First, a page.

The crisis in the financial markets could make it even tougher to get loans to buy cars or houses, and the Federal Reserve didn't make things any easier by declining to lower interest rates this week.
Experts say that any hope of relief from the ongoing credit crunch -- which had started to flicker as rates slipped and home buyers eased back into the market -- has been dashed by the week's events.
With the big financial houses in disarray, the market for home mortgages and other loans is shakier than ever.
A rate cut by the Fed might have eased the problem by making it easier for businesses and individuals to get access to cash, but the decision to leave rates unchanged means that the mortgage market will not gain the extra flexibility that many had hoped for.
The lending environment for home and car loans as well as credit card rates "definitely won't get better in the short term and may get a little worse," said Greg McBride, senior financial analyst for the personal finance website Bankrate.com.
It could prove difficult to extricate the economy from what may be a vicious circle: The housing crisis spurred the Wall Street crisis -- but neither may be able to recover without the other.
"It's one of those chicken-and-egg things," said UCLA economic forecaster Edward Leamer.
The continued turmoil also means that consumers will continue to have difficulty affording -- or financing -- other large purchases, such as automobiles.
Whereas interest rates on cars loans, credit cards and some home mortgages are actually down from a year ago, lending standards have grown so tight that only people with the highest credit scores can get the loans. In some cases, even they have been turned down.
The difficulty faced by even qualified buyers could make already dismal auto sales worse, said Bert Boeckmann, owner of Galpin Motors in North Hills.
"It doesn't matter what the rate is if the customer can't get the loan," he said.
Sales at his dealerships, which include Ford, Mazda, Honda and Jaguar franchises, were down about 10% in August from a year ago, Boeckmann said. Nationwide, automobile sales were down 15.5% in August from the previous year.
Government and industry leaders have blamed the Wall Street meltdown on the housing crash, and they say the housing market needs to stabilize to stop the bleeding in the financial markets and the overall economy.
"The housing correction is at the root of the challenges facing our markets and financial institutions," Treasury Secretary Henry M. Paulson Jr. said Monday.
Sliding house prices have led to wide-scale defaults on home loans, which have hammered financial firms heavily invested in mortgage-backed securities.
This has led to the housing market's current paradox: Spooked investors have fled the mortgage market as house prices plummet, but house prices won't stabilize without more mortgage lending.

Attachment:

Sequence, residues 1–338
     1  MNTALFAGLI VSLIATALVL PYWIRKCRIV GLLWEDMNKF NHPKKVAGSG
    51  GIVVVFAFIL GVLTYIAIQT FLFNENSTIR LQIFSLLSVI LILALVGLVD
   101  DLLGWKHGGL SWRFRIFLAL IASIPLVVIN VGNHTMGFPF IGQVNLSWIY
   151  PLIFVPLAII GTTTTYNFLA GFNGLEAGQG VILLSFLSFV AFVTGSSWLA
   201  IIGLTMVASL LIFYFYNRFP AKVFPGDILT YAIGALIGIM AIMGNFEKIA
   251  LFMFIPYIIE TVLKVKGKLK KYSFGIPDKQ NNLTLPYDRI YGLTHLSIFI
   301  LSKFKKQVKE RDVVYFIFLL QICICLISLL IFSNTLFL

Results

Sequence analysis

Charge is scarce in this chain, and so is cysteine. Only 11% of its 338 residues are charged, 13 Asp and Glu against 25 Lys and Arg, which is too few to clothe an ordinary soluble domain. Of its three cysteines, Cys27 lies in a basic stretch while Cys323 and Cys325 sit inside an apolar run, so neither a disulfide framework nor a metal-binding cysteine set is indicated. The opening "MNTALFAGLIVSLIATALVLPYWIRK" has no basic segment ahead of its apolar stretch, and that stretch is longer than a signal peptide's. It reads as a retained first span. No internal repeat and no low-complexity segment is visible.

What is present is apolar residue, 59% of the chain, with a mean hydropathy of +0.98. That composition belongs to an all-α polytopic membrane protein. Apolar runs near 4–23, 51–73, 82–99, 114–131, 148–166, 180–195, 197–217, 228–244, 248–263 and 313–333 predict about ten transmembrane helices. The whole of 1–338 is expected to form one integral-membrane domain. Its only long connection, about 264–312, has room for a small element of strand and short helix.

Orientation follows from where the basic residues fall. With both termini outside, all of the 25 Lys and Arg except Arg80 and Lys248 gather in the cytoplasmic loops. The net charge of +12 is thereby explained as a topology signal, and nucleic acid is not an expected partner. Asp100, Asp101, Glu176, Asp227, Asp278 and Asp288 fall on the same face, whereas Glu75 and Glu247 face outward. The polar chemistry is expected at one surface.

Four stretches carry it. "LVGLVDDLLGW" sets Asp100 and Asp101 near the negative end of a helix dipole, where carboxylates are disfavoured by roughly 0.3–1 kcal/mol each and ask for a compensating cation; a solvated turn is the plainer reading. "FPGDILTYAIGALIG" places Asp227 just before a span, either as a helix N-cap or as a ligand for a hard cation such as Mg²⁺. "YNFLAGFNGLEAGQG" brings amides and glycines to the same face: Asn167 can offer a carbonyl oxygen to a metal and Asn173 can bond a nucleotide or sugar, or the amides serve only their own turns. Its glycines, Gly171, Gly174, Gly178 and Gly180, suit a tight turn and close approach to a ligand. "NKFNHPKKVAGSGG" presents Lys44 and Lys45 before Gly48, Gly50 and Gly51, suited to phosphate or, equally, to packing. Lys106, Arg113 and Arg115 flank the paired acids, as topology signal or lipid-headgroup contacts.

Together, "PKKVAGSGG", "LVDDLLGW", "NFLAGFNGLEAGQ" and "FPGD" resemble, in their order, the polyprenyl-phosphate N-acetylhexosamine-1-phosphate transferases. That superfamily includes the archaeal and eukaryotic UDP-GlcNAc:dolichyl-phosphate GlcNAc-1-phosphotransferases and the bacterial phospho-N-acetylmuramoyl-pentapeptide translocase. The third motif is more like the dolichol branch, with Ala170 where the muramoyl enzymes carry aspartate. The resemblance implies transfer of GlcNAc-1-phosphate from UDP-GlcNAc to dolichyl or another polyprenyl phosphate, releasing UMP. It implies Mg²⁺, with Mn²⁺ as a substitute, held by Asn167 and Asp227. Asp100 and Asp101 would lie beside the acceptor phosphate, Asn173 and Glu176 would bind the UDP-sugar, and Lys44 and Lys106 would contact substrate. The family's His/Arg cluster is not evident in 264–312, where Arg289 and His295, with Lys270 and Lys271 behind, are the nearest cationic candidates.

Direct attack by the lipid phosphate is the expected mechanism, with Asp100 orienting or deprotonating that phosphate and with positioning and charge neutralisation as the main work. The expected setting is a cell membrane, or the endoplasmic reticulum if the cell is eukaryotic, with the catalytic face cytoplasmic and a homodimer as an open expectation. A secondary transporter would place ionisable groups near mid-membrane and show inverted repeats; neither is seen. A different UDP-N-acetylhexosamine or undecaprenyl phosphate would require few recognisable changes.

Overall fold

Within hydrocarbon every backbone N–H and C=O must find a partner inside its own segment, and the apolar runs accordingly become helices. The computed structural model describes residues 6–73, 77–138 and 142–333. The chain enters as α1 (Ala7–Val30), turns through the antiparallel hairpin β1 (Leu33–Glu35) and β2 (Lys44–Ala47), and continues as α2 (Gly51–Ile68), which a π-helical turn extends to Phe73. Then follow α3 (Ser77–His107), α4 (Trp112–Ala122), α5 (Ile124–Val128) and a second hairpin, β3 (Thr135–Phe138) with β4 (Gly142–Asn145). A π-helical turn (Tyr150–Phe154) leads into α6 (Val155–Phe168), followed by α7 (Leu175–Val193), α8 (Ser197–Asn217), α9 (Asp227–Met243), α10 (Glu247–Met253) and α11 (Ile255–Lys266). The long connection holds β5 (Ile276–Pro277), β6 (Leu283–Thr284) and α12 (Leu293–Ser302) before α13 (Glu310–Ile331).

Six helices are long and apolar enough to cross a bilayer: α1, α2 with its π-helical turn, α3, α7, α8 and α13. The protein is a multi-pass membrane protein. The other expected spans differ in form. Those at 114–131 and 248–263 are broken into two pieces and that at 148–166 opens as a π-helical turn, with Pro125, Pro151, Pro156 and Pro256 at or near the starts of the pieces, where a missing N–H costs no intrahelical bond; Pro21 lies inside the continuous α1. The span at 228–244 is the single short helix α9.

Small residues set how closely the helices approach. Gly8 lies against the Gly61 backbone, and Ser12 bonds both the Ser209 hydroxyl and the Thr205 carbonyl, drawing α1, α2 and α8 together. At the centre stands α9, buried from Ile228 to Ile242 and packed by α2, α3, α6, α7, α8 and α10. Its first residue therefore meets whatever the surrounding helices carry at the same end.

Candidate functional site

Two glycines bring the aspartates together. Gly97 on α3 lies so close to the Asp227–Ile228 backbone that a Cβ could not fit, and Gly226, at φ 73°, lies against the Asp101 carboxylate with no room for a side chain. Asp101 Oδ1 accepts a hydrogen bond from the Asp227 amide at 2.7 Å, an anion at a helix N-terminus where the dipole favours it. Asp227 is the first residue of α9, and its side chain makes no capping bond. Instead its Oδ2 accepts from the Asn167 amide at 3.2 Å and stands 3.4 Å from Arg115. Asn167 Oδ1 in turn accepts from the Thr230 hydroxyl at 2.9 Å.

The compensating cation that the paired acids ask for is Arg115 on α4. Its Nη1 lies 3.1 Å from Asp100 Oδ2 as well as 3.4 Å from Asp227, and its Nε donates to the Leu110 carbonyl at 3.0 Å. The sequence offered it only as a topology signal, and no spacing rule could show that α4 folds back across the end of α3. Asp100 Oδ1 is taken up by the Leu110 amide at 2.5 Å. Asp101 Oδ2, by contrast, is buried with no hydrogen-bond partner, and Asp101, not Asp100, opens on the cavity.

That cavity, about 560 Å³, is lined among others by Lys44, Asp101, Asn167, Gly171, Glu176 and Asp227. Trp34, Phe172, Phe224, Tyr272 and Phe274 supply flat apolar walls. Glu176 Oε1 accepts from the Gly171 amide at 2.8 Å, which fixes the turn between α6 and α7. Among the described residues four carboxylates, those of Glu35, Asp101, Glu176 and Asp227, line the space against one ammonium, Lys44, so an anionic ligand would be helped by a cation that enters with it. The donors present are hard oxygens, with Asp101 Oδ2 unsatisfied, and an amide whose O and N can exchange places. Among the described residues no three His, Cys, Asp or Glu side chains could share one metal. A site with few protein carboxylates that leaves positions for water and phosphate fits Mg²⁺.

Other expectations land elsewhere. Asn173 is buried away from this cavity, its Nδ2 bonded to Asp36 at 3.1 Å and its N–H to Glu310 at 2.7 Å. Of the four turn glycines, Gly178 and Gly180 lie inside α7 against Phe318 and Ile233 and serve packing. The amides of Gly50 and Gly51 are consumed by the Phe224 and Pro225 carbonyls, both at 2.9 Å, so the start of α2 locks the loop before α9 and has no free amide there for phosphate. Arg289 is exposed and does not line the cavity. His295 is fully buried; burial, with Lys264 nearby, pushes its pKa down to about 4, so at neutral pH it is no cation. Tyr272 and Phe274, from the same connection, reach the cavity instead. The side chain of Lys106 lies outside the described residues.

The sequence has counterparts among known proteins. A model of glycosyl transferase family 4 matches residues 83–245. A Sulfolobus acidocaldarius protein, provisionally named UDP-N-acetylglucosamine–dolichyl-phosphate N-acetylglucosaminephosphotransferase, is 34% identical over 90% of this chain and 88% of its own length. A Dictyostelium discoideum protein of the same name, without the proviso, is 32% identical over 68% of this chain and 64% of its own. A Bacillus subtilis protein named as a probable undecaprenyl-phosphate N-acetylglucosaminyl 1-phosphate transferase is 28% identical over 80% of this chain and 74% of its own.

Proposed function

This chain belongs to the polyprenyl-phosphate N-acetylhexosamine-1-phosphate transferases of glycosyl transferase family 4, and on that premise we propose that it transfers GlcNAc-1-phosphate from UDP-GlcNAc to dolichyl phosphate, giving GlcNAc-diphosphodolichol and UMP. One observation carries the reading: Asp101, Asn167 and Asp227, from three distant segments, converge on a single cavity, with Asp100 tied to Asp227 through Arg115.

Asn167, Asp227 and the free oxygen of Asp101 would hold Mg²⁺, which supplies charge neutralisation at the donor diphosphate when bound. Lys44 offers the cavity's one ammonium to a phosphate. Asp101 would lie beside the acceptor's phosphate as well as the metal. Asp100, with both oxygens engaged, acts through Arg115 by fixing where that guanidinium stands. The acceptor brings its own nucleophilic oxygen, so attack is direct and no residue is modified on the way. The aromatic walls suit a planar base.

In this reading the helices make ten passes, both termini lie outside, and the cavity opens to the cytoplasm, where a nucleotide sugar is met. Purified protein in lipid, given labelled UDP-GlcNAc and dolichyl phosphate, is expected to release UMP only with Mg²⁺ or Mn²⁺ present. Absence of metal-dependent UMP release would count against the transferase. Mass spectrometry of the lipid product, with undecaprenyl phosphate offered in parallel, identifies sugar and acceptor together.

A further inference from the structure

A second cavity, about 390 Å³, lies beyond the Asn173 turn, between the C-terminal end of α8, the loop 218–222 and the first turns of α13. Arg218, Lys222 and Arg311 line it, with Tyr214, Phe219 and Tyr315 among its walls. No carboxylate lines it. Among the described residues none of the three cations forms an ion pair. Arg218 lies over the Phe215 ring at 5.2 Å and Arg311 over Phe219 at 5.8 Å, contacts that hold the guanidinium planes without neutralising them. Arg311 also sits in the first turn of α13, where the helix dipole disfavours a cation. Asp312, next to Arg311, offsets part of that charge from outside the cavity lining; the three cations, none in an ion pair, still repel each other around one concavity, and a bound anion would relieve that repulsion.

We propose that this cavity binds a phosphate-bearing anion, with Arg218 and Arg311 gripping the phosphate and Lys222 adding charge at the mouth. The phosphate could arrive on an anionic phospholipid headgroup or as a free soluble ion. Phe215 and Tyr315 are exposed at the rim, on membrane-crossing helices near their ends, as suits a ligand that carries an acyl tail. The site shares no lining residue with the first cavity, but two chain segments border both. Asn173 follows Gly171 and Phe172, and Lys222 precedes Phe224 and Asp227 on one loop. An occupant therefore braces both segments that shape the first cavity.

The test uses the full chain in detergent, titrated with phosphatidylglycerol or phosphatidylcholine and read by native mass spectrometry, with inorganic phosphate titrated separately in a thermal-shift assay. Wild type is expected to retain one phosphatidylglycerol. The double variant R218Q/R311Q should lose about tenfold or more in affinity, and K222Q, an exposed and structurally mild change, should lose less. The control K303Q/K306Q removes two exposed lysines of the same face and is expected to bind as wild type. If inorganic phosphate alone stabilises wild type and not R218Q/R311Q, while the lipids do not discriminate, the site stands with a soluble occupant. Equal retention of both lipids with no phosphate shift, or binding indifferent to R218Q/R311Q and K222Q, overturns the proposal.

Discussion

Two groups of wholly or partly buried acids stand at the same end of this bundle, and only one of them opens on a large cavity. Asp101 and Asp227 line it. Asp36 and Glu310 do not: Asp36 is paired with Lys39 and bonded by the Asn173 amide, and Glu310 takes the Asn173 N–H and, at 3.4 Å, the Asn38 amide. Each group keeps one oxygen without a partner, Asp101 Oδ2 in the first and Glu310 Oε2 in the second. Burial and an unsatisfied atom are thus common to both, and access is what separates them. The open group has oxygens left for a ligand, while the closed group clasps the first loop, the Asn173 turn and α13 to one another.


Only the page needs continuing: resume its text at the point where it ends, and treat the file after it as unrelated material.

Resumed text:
Fed rate cuts won't make a difference as long as investors lack confidence in the mortgage markets, said Sung Won Sohn, an economist at Cal State Channel Islands in Camarillo.
The recent rescue plan for Fannie Mae and Freddie Mac has restored some faith, making interest rates relatively low. But with the continuing instability in the financial markets, those low rates benefit only a relatively small pool of borrowers.
Rates for 30-year fixed mortgages that are eligible for government backing -- those below $730,000 -- fell below 6% this month. But rates for jumbo loans, which lenders view as riskier, still hover around 7%.
Five-year new-car loans now average 7.1%, compared with 7.72% a year ago. And credit card rates are down to 11.3% from 14% a year ago, according to Bankrate.com, although those rates are available only to people with top credit ratings.
Moreover, other factors are at play that may push some rates back up. The London Interbank Offered Rate, or Libor, rose 19 basis points Wednesday to 3.06%, its largest increase since 1999. If the increase holds, it could raise interest charges on some adjustable-rate mortgages that are based on Libor averages.
Consumers may have little choice in how to weather the storm.
Scott Leonard, a Redondo Beach financial planner, says that those who are in trouble now are not likely to qualify for loans to refinance their homes or consolidate their bills -- and won't be able to until credit loosens up, rates drop further and prices begin to rise.
"If you're in a bad situation, I'd be surprised if you would be able to refinance [a home mortgage] now anyway," Leonard said.
And many homeowners are in bad situations. The real estate website Zillow.com estimates 71% of Los Angeles-area homes purchased in 2006 and 56% of homes bought in 2007 are now worth less than their mortgage amounts.